The Fairfax County Board of Supervisors, frustrated with repeated or late trash pickups by American Disposal Services, said last week it will look into taking legal action against the company if the situation doesn’t improve soon.
Braddock District Supervisor John Cook (R) and Sully District Supervisor Kathy Smith (D) co-sponsored a May 7 board matter on the trash problem, which by all accounts has worsened in the last few weeks. Cook called the chronic missed pickups “a significant health, safety, and community enjoyment problem” for the county.
“Trash is left on street corners, or in overflowing HOA dumpster,” Cook said in the board matter, which can be read in full here. “This open trash attracts rats and other vermin, it smells, and is ugly. The people of Fairfax County deserve better.”
About 90 percent of residents — including the majority of those in Lee District — are serviced by private trash pickup. The rest, including much of Mount Vernon District, have their waste picked up by the county.
American, the primary company contracted for the private pickups, has blamed the recent service issues on a staffing shortage, Cook said. The county’s Department of Public Works and Environmental Services has been working with American to mitigate the problem, and Cook said county staff has gone “above and beyond the call of duty to help American.”
Cook said the county will continue to work with American on the issue, but on May 21 the Board of Supervisors will have a closed door meeting to discuss where the problems stands. If American is still failing to make pickups, Cook said the county will take legal action against the company.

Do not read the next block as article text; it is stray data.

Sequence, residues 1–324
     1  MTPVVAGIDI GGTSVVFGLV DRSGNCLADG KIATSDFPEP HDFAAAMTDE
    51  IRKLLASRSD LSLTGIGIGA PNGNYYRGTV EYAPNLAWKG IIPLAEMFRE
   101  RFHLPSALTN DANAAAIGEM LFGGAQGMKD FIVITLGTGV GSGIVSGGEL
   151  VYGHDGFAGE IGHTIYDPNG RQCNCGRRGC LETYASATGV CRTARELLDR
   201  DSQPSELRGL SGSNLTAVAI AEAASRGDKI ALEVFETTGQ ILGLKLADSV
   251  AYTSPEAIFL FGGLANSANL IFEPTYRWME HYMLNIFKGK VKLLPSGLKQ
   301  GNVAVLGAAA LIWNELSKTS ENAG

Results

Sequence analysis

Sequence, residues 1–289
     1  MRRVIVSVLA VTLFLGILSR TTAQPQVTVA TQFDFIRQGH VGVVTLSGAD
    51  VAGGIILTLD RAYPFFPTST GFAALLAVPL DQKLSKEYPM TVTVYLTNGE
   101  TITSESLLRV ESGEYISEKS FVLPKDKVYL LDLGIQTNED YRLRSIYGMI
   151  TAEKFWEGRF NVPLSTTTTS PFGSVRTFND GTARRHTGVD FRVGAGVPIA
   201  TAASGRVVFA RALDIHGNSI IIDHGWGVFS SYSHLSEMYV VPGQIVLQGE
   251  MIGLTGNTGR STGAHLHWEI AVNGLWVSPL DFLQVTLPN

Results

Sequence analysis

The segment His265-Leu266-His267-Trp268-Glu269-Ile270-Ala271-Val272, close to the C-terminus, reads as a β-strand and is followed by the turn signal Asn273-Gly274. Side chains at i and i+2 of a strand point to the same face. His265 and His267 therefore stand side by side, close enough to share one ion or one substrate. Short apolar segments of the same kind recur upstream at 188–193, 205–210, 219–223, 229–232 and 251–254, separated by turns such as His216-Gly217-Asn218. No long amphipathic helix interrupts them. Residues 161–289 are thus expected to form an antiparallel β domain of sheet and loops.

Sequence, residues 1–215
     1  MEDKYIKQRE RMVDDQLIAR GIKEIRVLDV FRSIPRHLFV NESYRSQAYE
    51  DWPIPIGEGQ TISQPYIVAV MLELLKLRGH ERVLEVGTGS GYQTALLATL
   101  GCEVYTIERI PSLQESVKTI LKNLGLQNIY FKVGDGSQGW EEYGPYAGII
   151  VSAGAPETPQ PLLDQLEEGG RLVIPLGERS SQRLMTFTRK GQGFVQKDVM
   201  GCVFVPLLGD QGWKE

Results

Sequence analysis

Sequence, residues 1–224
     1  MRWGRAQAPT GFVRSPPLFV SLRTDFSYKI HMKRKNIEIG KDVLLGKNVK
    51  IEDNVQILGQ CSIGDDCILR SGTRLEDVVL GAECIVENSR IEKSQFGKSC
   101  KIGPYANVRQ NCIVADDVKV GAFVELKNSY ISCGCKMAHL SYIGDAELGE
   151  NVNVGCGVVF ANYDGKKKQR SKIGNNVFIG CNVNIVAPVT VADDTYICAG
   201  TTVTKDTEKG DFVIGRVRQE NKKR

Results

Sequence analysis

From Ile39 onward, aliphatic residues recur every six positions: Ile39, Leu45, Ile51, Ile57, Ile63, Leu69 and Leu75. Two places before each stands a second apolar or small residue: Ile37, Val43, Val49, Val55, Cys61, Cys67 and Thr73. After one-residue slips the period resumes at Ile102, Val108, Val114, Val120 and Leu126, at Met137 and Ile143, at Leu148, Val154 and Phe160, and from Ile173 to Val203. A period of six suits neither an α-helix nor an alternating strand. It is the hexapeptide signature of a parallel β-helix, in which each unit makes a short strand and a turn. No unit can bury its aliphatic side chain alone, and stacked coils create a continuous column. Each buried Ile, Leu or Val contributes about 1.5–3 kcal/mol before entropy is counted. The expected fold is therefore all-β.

“[The May 21 briefing] should include an analysis of all applicable consumer protection statutes, potential claims of fraud, or other legal issues potentially arising out of American’s failure to meet its commitments to our residents, and any options for the county to seek legal remedies,” Cook said. [T]his is American’s problem, and we expect the company to solve it in the next two weeks, or else the County will be prepared to take whatever legal action may be available. “
Residents, meanwhile, have taken to Nextdoor.com and Facebook to vent their frustrations, and many have indicated they have switched or are planning to switch to new companies for their pickups. Lee District Supervisor Jeff McKay said he’s been hearing this from residents as well, but noted that the switching of companies has led to other consequences.
“So in some neighborhoods now they have different vendors coming in on the same street every day of the week tearing up the roads,” McKay said, noting a single street could have 5-6 different companies picking up trash or recycling. “This is one of the real bad environmental and infrastructure components [of this problem].”